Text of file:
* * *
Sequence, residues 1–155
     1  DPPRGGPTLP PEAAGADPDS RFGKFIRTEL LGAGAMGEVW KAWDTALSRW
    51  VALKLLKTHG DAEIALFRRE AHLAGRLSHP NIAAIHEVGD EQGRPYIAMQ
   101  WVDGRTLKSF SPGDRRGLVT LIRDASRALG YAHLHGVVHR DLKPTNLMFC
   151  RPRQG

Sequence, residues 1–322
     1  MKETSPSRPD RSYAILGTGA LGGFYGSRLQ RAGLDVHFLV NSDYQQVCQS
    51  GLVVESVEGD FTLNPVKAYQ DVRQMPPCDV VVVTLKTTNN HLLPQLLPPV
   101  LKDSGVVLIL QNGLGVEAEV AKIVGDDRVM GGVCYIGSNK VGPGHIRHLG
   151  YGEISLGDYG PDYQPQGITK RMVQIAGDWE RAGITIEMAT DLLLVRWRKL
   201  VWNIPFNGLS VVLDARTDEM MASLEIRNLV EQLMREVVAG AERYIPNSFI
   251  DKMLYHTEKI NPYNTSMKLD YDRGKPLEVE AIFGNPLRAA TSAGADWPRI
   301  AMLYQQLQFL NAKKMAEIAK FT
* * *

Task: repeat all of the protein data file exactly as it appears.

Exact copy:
Sequence, residues 1–155
     1  DPPRGGPTLP PEAAGADPDS RFGKFIRTEL LGAGAMGEVW KAWDTALSRW
    51  VALKLLKTHG DAEIALFRRE AHLAGRLSHP NIAAIHEVGD EQGRPYIAMQ
   101  WVDGRTLKSF SPGDRRGLVT LIRDASRALG YAHLHGVVHR DLKPTNLMFC
   151  RPRQG

Sequence, residues 1–322
     1  MKETSPSRPD RSYAILGTGA LGGFYGSRLQ RAGLDVHFLV NSDYQQVCQS
    51  GLVVESVEGD FTLNPVKAYQ DVRQMPPCDV VVVTLKTTNN HLLPQLLPPV
   101  LKDSGVVLIL QNGLGVEAEV AKIVGDDRVM GGVCYIGSNK VGPGHIRHLG
   151  YGEISLGDYG PDYQPQGITK RMVQIAGDWE RAGITIEMAT DLLLVRWRKL
   201  VWNIPFNGLS VVLDARTDEM MASLEIRNLV EQLMREVVAG AERYIPNSFI
   251  DKMLYHTEKI NPYNTSMKLD YDRGKPLEVE AIFGNPLRAA TSAGADWPRI
   301  AMLYQQLQFL NAKKMAEIAK FT